A Shining Success! (21:18)
Becoming an elected Fellow of the American Association for the Advancement of Science (AAAS) has been a particularly meaningful success. This honor not only recognized Franca’s career achievements, but it also highlighted her role as a mentor for students. To have an impact on the lives of students is so rewarding. However, you don’t always know you’ve made a difference right away because the students you work with leave to pursue the next stage of their careers. It’s only when you run into them 5-10 years later that you realize how much you’ve helped them.
Book Recommendations (3:43)
The Godfather by Mario Puzo
Most Treasured Travel (23:35)
Franca first traveled to Western Australia in 2005 to collaborate with three brilliant female scientists from diverse backgrounds to study the waters, sediment, and microbial life in salt lakes. They planned to use their data as an analog for the conditions and life on the planet Mars. The results of the study were fascinating! There were remarkable similarities between sediments in these salt lakes and those from the Opportunity rover sent to Mars. As a result, they were successful in receiving additional funding to return to Australia to conduct further research. Their findings were displayed in an exhibit at the Saint Louis Science Center for six years, and it is now a permanent exhibit at Missouri S&T. In addition to Western Australia, Franca has traveled several times to South Africa, and it is her favorite place in the world. On her first trip to South Africa, she witnessed the end of the Apartheid there, and it was a remarkable cultural moment. Franca also taught and did research there for a month as part of the University of Missouri South African exchange program, and she is still involved in this program.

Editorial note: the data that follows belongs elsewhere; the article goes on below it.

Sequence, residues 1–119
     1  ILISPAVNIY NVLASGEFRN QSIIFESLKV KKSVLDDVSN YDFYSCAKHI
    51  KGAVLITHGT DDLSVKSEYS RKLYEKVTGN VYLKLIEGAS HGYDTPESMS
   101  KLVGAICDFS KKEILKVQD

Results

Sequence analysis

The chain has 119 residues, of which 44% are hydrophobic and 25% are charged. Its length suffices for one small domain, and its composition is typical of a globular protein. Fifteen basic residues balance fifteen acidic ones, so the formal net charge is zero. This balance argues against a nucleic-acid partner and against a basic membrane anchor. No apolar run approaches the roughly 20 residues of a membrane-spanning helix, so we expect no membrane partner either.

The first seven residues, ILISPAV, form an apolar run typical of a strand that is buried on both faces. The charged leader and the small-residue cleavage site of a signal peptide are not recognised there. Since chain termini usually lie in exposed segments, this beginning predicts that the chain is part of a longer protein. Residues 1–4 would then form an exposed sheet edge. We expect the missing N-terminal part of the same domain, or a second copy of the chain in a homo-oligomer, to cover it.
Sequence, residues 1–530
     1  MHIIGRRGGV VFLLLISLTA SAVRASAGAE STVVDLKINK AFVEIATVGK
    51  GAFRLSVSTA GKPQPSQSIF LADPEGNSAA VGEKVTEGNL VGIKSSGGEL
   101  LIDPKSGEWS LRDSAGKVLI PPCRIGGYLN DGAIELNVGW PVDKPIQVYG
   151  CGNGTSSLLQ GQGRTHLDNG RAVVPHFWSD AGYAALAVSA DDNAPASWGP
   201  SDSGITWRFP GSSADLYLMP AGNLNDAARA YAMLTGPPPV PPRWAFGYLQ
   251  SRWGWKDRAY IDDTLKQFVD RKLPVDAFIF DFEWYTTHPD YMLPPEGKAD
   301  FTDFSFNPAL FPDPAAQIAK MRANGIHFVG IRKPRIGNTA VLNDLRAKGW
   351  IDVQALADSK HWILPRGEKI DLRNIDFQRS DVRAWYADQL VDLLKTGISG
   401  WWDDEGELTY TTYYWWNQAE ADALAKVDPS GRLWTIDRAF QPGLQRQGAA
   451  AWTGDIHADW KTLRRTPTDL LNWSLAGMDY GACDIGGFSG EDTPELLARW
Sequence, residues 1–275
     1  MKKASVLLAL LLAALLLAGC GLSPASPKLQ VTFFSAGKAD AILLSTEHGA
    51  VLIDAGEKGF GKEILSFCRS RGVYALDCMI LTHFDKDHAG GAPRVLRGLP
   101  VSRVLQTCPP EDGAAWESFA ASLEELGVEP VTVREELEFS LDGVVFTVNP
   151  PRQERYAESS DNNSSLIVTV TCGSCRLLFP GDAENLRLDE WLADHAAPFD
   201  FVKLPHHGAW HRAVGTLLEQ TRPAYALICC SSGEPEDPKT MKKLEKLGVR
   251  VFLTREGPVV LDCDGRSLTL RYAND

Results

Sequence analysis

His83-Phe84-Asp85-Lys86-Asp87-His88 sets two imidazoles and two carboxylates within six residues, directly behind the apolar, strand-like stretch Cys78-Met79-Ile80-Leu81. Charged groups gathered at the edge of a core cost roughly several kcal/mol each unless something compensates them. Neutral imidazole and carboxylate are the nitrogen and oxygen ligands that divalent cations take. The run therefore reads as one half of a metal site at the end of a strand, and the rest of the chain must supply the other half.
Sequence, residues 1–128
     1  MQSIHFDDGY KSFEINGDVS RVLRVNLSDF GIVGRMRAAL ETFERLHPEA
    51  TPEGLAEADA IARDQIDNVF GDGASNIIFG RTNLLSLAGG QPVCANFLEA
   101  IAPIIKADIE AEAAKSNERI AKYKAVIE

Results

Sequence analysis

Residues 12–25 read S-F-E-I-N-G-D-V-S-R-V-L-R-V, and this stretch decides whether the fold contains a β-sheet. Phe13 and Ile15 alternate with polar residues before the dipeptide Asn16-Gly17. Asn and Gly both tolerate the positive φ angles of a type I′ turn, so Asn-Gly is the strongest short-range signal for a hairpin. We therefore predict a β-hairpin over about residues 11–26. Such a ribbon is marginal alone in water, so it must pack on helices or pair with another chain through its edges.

Quirky Traditions and Funny Memories (29:00)
Geologists spend a fair amount of time doing field research which means you are living in close quarters with colleagues for weeks, so a lot of funny things happen. For one project early in her career, Franca spent eight weeks in the middle of the Atlantic Ocean on a drillship off the coast of Ghana. Her goal was to better understand how the Atlantic Ocean formed. They drilled 1 km below the sea floor and discovered lake sediments. This suggests the Atlantic Ocean began as a lake that gradually spread apart. The project was interesting, but eight weeks is a long time to be in an isolated location with a hundred other scientists, drillers, and ship staff from across the world. There wasn’t much to do for fun when they weren’t working their 12-hour shifts, but they would sit on the deck watching whales and everyone would gather to wave at the occasional ships that passed. Franca learned a lot about herself, grew as a person, and was exposed to wonderful collaboration opportunities on this trip.
Advice For Us All (34:58)
Be true to yourself, and ask for help when you need help. Asking for help is not a sign of weakness. Instead, it is a chance for you to learn and advance. Also, be proud of every contribution you make in life, whether it is in your science, relationships, or other aspects of your life. Do not allow others to define your success.
Franca uses her training in sedimentology to conduct research in palynology, a sub-discipline of paleontology that uses organic-walled microfossils such as pollen, spores, dinoflagellates, and acritarchs preserved in sediments and sedimentary rocks to unravel the history of the Earth. These microfossils can provide information about the relative age and prevailing climatic conditions when a particular sedimentary sequence was deposited. She also integrates particulate organic matter components with the physical and geochemical characteristics of sediments and rocks to reconstruct depositional environments. Although majority of her research projects have focused on the past 120 million years, she has studied rocks as old as 500 million years. She has conducted research in Africa (Niger Delta, offshore Côte d’Ivoire-Ghana, Cape Basin, Egypt, Ethiopia), the United States (Missouri, Florida, Gulf Coast, Western Interior Basin), South America (Brazil, Colombia, Venezuela), and Australia. Franca also loves traveling with her family.